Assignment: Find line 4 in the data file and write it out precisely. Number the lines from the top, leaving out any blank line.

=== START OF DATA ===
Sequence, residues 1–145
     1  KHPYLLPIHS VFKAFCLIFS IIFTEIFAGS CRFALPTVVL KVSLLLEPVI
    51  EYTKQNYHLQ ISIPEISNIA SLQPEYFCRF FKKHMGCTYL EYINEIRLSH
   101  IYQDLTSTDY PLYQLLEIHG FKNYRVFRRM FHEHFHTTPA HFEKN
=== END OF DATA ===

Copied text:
   101  IYQDLTSTDY PLYQLLEIHG FKNYRVFRRM FHEHFHTTPA HFEKN